Stem Cell Research

Stem cell research is a research that takes basic human cells and develops them into majority of any of the 220 varieties of cells in the human body, including blood and brain cells.
Scientists have great hope for this research and its ability to uncover treatments. They have also declared there is a possibility that stem cell research can lead to cures some of the effective diseases in the world (TLCMobility, 2010). There are also many negatives that come with this ‘life saving’ gene technology though, with different moral and ethical implications.

Having the capacity to develop into specialized cells that make up a variety of organs and tissues, stem cells can transform into any cell in the human body making them potentially a cure for different types of diseases and injuries. There are two types of stem cells: those found in certain adult tissues and those found in the cells of three to five day old embryos. Found in the brain, bone marrow, muscle, skin, blood and liver tissue, Adult stem cells can change into a certain number of cell types. Though, the stem cells found in embryos can change into any cell in the human body. Stem cells are also a lot easier to grow in laboratories than adult stem cells and can potentially keep diving forever (something the adult stem cells can’t). The first successful stem cell research, which is still used to this day, is the bone marrow transplant. This transplants stem cells from a donor’s bone marrow and regenerates healthy bone marrow in a patient of Leukaemia and/or other types of blood diseases. Embryonic stem cells offer something different, with potential treatments and cures for conditions such as spinal cord injuries, juvenile diabetes, blindness and other types of diseases. Scientists also believe that this research may even be the results of types of cancers (TLCMobility, 2010).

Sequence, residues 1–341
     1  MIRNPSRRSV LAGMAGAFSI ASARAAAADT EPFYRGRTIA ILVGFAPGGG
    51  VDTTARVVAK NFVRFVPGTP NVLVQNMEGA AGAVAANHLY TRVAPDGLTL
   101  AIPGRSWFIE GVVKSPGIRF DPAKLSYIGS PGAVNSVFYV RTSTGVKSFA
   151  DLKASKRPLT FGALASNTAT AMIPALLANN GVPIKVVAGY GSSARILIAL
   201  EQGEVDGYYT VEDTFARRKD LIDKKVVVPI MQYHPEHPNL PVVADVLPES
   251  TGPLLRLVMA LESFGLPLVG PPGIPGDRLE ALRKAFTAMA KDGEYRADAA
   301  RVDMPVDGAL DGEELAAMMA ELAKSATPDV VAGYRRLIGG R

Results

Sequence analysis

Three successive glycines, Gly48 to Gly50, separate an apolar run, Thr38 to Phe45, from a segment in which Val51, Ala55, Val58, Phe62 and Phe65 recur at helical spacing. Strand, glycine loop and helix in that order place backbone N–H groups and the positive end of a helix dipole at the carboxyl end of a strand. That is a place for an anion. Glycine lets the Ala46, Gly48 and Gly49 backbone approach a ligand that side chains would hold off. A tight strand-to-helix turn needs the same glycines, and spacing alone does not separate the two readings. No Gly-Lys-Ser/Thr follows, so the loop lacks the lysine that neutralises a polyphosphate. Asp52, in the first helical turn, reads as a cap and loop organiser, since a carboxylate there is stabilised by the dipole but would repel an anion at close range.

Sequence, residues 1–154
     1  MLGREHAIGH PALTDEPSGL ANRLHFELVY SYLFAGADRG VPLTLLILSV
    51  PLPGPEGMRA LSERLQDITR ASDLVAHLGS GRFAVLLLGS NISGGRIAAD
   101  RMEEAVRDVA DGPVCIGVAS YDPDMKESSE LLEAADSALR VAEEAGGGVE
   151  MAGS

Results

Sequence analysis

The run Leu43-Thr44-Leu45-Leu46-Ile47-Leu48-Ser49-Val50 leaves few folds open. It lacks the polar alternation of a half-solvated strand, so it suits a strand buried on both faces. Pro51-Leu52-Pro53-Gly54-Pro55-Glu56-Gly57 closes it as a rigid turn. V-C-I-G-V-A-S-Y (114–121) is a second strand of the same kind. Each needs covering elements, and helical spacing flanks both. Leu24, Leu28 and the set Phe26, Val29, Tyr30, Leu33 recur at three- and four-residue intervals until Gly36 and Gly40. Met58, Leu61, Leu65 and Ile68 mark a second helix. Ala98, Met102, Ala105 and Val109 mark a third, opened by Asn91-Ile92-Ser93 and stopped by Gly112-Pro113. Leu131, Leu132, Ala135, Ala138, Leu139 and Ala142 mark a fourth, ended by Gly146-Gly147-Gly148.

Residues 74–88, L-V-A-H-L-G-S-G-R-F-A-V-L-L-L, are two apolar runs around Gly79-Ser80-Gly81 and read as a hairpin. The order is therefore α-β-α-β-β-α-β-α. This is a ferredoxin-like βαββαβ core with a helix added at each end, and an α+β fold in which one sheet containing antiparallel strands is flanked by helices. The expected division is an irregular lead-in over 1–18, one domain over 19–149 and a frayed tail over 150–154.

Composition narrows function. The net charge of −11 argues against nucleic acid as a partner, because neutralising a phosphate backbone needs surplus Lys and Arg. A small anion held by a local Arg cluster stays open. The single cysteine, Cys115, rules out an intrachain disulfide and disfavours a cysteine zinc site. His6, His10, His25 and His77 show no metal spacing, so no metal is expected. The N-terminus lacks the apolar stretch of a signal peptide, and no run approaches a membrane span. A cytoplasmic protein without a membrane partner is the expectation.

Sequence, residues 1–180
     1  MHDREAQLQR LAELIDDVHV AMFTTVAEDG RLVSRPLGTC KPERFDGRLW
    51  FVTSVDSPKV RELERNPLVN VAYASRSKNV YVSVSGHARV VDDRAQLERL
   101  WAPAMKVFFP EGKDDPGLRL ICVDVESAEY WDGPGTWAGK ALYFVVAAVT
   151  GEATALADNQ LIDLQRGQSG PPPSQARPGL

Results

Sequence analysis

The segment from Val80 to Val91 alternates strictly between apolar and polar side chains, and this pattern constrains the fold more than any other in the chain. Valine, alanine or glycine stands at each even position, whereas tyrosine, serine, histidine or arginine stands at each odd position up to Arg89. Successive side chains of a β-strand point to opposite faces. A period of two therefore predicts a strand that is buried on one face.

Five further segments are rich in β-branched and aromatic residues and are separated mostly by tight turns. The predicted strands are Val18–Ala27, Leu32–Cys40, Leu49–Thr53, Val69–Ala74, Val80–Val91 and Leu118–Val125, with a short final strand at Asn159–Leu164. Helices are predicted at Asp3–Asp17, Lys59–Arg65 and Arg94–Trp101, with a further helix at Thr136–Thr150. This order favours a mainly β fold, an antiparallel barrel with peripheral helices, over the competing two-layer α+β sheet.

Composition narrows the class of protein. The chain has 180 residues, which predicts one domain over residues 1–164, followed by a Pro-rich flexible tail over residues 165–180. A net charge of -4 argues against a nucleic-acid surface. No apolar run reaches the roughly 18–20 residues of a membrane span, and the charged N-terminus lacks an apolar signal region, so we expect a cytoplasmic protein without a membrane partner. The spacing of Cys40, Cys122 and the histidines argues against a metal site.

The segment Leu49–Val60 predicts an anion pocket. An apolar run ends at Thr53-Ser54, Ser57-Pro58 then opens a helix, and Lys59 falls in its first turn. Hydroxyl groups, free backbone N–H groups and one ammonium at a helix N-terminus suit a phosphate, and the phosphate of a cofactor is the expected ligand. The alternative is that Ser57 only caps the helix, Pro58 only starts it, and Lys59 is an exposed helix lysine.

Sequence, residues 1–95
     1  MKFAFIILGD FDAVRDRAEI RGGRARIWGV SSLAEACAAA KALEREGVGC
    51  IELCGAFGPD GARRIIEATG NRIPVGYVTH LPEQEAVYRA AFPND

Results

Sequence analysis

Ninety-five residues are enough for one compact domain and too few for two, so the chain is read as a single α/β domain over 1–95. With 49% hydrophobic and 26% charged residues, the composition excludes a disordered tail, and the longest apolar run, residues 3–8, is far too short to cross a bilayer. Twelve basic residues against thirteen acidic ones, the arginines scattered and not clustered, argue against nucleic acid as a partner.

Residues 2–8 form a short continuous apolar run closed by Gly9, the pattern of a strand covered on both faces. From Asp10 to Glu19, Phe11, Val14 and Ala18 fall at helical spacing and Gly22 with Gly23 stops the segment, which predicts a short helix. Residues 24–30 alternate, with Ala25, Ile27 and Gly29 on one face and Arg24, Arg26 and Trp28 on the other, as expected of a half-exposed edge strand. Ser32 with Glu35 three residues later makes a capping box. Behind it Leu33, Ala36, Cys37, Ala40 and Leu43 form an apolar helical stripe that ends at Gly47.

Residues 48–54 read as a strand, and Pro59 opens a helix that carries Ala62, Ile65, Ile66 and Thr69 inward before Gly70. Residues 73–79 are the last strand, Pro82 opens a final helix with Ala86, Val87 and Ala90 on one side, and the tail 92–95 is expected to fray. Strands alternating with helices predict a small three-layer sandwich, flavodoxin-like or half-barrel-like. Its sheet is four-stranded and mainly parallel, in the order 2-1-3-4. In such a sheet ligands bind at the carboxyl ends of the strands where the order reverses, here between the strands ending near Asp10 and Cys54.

There are many implications of using stem cell research. One of the biggest implications is the rise of...

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